Bob Priddy, contributing editor
(Charloette)—Columbia’s Carl Edwards wins NASCAR’s longest race, his first victory of the year after a slow start. Edwards held off former teammate Greg Biffle in the final laps of the 600-mile race at Charlotte. It’s his 24th career win but his first since switching from Roush-Fenway Racing to Joe Gibbs Racing during the off-season.
The win gives Edwards a spot in the ten-race chase to the championship that ends the NASCAR season.
Edwards and Toyota have struggled during the first third of the season. “Toyota is back,” he said in victory lane. Edwards let only 25 of the 400 laps including the first two and the last 21. He becomes the ninth driver to win a race this year, a criteria for automatically 1ualifying for the championship runoff after the first 26 races.
Joplin’s Jamie McMurray finished 22nd, a lap down but remains 11th in the overall points totals and also would make the chase if it were to start todahy. McMurray is looking for his first win of the year.
(Indianapolis)—The two most powerful teams in American open-wheel racing slugged it out for entire distance in the Indianapolis before Penske Racing’s Juan Pablo Montoya seized control with three laps to go and beat teammate Will Power to the finish line by less than a half-second.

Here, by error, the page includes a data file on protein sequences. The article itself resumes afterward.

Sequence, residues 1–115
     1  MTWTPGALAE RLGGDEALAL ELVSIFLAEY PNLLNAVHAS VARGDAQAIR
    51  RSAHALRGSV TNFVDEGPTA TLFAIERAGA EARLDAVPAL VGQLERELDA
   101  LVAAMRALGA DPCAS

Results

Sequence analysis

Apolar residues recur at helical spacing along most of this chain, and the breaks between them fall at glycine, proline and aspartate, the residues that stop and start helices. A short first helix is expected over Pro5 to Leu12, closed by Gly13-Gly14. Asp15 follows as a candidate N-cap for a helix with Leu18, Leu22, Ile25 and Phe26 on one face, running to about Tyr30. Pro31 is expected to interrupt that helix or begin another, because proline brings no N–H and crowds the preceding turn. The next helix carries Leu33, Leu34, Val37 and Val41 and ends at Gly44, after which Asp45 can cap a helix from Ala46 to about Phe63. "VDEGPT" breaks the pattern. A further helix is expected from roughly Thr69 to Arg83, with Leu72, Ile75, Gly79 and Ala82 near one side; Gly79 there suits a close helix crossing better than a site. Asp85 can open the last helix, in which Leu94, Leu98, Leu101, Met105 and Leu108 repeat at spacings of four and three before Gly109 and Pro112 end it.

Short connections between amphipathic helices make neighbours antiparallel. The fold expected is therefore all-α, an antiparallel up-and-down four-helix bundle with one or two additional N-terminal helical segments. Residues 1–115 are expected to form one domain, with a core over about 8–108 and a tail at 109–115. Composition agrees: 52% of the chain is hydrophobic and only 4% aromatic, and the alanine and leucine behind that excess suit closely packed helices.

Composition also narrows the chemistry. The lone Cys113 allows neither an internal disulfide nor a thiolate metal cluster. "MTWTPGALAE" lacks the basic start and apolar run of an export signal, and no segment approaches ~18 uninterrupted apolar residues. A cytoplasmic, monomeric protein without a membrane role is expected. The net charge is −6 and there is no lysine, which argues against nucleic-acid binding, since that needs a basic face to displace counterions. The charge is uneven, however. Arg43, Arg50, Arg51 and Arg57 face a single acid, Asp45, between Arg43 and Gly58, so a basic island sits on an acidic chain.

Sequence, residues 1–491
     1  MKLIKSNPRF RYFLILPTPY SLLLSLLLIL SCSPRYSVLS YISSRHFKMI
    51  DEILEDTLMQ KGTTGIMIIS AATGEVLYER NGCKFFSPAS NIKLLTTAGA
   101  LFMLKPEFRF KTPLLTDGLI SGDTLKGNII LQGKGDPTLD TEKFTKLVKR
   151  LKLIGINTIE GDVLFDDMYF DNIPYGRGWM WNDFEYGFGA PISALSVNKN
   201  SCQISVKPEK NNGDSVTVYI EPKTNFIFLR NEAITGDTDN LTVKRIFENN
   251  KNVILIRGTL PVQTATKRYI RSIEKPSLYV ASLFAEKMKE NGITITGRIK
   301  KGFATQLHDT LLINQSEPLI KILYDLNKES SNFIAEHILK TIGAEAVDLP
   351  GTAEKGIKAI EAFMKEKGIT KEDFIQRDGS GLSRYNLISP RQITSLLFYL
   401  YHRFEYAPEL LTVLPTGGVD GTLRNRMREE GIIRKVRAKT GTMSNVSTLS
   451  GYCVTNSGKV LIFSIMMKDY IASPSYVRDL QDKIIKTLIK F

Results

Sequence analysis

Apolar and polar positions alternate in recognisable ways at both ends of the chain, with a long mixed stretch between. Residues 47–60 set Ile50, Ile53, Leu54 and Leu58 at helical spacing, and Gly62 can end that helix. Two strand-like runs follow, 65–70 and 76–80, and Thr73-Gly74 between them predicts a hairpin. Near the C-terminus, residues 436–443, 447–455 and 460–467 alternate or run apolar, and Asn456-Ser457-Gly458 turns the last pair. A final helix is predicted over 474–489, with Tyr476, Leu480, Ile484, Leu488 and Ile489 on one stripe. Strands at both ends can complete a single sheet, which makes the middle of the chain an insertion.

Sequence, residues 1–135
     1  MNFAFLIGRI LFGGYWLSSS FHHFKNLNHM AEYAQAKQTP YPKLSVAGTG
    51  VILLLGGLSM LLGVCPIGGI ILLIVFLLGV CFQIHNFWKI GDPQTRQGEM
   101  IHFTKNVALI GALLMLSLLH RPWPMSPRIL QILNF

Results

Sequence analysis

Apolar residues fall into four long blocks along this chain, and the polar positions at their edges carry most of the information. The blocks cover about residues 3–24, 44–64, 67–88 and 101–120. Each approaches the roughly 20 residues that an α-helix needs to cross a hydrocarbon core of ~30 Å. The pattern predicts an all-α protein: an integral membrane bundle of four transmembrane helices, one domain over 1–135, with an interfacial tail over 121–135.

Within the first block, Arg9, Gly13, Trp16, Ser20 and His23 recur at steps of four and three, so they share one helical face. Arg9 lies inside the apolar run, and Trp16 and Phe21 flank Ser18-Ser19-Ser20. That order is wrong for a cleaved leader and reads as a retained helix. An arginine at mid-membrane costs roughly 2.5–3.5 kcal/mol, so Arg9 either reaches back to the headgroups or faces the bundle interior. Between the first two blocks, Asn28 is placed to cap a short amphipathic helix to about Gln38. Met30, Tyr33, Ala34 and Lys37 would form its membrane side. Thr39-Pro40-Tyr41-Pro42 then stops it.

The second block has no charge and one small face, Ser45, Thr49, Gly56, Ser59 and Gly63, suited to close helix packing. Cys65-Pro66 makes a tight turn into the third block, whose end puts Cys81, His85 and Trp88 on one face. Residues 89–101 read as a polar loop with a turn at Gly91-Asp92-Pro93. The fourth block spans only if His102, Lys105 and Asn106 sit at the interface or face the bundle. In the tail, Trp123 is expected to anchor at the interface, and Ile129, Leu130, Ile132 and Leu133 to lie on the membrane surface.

Montoya, who won the race as a rookie in 2000 before going to Europe to race in Formula 1 and then returned to this country to compete in NASCAR, was fifth last year in his return to Indycar. He fought his way back from 30th place after pitting to repair some bodywork damaged when another car hit him during a caution period.
Charlie Kimball, driving for Rahal-letterman=-Lanigan, was third, his best finish in the 500, followed by Graham Rahal, Kimball’s teammate. Marco Andretti was fifth and Helio Castroneves was sixth, failing to become the fourth driver in the event’s 99-race history to win four times.
Scott Dixon, driving for Penske’s strongest rival, Chip Ganassi, started from the pole and led 84 of the 200 laps, faded to fourth late in the race.
Marco Castroneves finished sixth, failing to win his fourth Indianapolis 500. Only three drivers have won four times in the 99-race history of the event.
Montoya was one of ten drivers to lead the race. The lead changed 37 times.
Last year’winner, Ryan Hunter-Ray (reflected on the left in Montoya’s sunglasses, struggled all day and finished 15th. Rahal is reflected in his other lens.
Five crashes and a caution period to remove a part that had fallen from one of the cars held the average speed to 161 mph.
(photo credits: Bob Priddy, Indianapolis.